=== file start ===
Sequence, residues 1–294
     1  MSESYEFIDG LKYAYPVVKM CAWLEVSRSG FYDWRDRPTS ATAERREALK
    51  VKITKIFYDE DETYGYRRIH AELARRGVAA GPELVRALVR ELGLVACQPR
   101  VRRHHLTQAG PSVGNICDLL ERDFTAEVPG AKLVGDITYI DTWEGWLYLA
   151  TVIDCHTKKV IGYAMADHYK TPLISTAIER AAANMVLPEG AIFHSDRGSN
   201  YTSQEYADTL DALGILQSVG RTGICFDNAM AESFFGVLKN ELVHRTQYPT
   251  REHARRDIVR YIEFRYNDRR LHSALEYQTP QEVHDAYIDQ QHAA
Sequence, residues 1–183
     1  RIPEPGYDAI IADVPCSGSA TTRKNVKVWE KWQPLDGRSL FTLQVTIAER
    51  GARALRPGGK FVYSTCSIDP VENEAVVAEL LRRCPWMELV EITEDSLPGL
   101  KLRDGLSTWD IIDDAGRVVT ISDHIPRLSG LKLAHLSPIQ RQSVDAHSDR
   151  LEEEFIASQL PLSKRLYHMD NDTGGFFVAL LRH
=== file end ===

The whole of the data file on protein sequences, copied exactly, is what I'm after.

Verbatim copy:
Sequence, residues 1–294
     1  MSESYEFIDG LKYAYPVVKM CAWLEVSRSG FYDWRDRPTS ATAERREALK
    51  VKITKIFYDE DETYGYRRIH AELARRGVAA GPELVRALVR ELGLVACQPR
   101  VRRHHLTQAG PSVGNICDLL ERDFTAEVPG AKLVGDITYI DTWEGWLYLA
   151  TVIDCHTKKV IGYAMADHYK TPLISTAIER AAANMVLPEG AIFHSDRGSN
   201  YTSQEYADTL DALGILQSVG RTGICFDNAM AESFFGVLKN ELVHRTQYPT
   251  REHARRDIVR YIEFRYNDRR LHSALEYQTP QEVHDAYIDQ QHAA
Sequence, residues 1–183
     1  RIPEPGYDAI IADVPCSGSA TTRKNVKVWE KWQPLDGRSL FTLQVTIAER
    51  GARALRPGGK FVYSTCSIDP VENEAVVAEL LRRCPWMELV EITEDSLPGL
   101  KLRDGLSTWD IIDDAGRVVT ISDHIPRLSG LKLAHLSPIQ RQSVDAHSDR
   151  LEEEFIASQL PLSKRLYHMD NDTGGFFVAL LRH